World War I ended on November 11, 1918 and a year later President Woodrow Wilson honored the nation’s veterans with the first Armistice Day. Wilson said that the holiday, now known as Veterans Day, would give people cause to reflect on “the heroism of those who died in the country’s service . . . because of the thing from which it has freed us and because of the opportunity it has given America to show her sympathy with peace and justice in the councils of the nations.”

As we pause to reflect on the sacrifices of American service men and women, Europe prepares for the centennial of “the war to end all wars.” Yesterday, The New York Times featured a travel piece about the “rich tapestry of events” planned at museums and battlefields such as Verdun. The BBC reported that war buffs will lead to big business in places like Ypres, Belgium, which is seeing a boom in hotel construction and memorabilia. And, various groups have begun collecting and digitizing pictures, letters, postcards and other souvenirs from the conflict in order to explain its long-term impact on the modern world.

Curious about World War I? There has been a library’s worth of books written on the subject. But here are ten tomes to get you started:

1. The Proud Tower: A Portrait of the World Before The War by Barbara Tuchman: Tuchman explores the quarter-century before the war’s outbreak, tackling the haves and the have-nots, the decline of the Edwardian aristocracy, the music of Richard Strauss and Igor Stravinsky, the Dreyfus Affair and more.

2. The Sleepwalkers: How Europe Went to War in 1914 by Christopher Clark: Clark looks at the events and relationships that led Europe and the world into a brutal conflict.

3. The War That Ended Peace: The Road to 1914 by Margaret MacMillan: MacMillan’s recently published history is another exploration of the march toward war, exploring how a continent awash in peace and prosperity could wind up in a fight that transformed the modern world.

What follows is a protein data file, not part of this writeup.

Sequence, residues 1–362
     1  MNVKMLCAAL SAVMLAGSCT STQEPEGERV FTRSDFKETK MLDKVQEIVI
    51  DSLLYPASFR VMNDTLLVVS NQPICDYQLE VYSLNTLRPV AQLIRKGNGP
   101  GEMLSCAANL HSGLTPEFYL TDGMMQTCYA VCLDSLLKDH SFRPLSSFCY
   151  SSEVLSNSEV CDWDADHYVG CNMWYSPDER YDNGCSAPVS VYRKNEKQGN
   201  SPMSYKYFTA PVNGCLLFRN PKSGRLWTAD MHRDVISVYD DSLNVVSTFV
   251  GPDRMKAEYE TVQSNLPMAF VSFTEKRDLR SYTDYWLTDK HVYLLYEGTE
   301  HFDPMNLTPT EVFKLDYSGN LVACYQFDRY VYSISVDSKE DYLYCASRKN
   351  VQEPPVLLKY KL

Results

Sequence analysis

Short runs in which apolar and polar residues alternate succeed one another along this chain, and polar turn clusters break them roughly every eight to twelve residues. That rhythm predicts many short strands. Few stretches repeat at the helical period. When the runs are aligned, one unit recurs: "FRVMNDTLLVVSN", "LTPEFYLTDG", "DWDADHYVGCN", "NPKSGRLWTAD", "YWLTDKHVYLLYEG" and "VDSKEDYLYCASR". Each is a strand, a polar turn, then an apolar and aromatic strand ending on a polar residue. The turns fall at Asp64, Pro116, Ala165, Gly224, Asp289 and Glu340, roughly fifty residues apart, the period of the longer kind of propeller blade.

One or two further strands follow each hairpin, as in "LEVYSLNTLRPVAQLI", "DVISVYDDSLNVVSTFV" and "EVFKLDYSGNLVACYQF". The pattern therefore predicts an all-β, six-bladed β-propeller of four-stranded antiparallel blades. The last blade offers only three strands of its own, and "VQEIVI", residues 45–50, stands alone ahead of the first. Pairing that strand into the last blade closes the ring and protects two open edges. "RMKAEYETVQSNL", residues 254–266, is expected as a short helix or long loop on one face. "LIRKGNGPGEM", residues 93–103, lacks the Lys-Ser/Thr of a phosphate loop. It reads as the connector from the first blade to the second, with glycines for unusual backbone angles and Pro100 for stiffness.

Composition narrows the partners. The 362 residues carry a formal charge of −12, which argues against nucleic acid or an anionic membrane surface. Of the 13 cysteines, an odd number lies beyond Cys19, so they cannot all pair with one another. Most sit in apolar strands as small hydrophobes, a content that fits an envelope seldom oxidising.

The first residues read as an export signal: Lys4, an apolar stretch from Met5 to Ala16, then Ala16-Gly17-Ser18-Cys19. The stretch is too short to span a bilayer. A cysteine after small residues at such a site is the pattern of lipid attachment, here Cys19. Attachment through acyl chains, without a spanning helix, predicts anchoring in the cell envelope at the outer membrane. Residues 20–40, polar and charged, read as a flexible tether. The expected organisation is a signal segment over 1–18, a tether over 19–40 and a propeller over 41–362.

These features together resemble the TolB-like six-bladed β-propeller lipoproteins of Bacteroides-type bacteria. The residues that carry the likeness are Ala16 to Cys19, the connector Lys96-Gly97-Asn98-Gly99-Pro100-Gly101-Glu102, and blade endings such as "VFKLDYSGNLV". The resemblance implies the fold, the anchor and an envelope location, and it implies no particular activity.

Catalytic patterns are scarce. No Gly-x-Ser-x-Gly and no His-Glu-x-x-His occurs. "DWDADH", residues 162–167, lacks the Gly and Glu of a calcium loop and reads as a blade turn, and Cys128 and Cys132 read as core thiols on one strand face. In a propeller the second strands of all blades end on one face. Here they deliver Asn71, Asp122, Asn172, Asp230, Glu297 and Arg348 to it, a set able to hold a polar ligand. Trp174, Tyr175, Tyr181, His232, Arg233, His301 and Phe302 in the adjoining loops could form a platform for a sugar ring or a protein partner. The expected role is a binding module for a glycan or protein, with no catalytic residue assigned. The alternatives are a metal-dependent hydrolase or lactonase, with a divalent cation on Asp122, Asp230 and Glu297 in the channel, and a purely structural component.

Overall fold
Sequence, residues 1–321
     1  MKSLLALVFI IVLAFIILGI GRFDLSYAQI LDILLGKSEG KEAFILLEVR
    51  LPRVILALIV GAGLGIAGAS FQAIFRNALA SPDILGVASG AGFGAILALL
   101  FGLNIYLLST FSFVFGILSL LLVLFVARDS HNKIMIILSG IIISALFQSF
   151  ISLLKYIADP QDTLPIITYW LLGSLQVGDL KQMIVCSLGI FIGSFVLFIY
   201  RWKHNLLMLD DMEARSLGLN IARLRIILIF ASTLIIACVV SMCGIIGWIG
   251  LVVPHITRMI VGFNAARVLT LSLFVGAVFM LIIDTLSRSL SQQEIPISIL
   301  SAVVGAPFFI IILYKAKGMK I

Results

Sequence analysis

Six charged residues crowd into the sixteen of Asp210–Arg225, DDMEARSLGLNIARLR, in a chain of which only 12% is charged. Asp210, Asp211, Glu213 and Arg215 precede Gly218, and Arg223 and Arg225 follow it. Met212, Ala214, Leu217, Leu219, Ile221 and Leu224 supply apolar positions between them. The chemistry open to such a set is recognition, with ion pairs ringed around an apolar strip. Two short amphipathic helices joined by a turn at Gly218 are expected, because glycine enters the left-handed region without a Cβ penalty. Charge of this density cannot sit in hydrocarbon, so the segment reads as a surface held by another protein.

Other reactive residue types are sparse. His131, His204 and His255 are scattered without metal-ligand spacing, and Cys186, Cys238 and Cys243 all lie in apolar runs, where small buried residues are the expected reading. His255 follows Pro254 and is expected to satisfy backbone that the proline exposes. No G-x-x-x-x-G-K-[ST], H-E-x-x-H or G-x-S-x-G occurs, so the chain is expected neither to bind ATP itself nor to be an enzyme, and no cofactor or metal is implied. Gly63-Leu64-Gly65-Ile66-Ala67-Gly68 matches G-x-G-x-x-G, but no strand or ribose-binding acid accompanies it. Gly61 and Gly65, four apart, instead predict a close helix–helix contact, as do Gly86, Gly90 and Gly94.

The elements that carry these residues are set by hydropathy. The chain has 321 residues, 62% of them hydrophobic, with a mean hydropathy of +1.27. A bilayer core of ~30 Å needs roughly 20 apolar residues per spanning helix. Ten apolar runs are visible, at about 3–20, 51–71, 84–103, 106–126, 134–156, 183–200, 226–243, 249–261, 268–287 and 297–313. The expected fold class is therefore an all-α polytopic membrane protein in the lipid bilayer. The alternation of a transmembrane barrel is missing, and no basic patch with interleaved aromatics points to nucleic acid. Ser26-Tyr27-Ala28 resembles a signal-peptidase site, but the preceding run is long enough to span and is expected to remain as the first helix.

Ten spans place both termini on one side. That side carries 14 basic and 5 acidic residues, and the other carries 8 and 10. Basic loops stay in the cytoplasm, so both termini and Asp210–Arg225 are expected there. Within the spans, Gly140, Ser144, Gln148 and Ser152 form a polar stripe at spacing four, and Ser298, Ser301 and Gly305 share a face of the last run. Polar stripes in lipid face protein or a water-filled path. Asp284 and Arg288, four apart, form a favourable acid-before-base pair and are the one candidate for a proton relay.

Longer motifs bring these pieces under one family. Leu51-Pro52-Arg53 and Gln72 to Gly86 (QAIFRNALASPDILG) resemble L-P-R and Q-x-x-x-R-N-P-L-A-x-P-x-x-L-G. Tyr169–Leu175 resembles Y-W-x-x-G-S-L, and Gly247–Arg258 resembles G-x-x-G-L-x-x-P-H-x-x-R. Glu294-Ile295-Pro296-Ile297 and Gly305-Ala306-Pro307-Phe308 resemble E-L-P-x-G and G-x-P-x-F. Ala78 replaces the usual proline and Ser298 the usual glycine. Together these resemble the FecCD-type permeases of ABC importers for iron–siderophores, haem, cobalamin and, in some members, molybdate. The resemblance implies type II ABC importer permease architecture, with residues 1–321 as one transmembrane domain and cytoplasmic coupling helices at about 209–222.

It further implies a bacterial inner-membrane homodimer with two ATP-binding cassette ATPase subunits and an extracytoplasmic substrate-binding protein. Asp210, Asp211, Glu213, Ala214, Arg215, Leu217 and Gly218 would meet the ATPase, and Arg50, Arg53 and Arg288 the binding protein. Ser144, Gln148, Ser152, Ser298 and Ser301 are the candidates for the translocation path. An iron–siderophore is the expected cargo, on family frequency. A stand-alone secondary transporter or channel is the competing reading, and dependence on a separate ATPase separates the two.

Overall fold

4. The Guns of August by Barbara Tuchman: This beautifully written, Pulitzer Prize-winning classic recounts in vivid detail the very first month of fighting, showing how it shaped the course of the entire war.

5. Catastrophe 1914: Europe Goes to War by Max Hastings: Hastings blames Germany for the war’s outbreak and argues that the country’s defeat was vital to the freedom of Europe.

6. All Quiet on the Western Front by Erich Maria Remarque: Billed as “the greatest war novel of all time,” it is the fictional account of a German soldier who faces the war’s horrors and vows to fight against the hate that has meaninglessly pit him against other young men of his generation.

7. To End All Wars: A Story of Loyalty and Rebellion 1914-1918 by Adam Hochschild: Hochschild’s New York Times-bestseller asks why so many nations got swept up into the violence of the war, why cooler heads couldn’t prevail, and whether we can avoid repeating history.

8. The Price of Glory: Verdun 1916 by Alistair Horne: Horne looks at the ten-month battle that claimed the lives of 700,000 men, showing how the fight was less about defeating the enemy and more about bleeding him to death.

9. The Great War: July 1, 1916. The First Day of the Battle of the Somme by Joe Sacco: Sacco, a cartoonist, depicts one of the most infamous days in the war wordlessly with this 24-foot-long panoramic drawing.

10. Paris 1919: Six Months That Changed The World by Margaret MacMillan: MacMillan looks at the men and women who converged on Paris after the war in order to shape the peace.

Again, this is by no means a comprehensive list of the World War I-related titles out there. Anything I missed that you love? If so, what is it and what makes it great? Please let me know in comments. Or, share your thoughts about what Veterans Day means to you.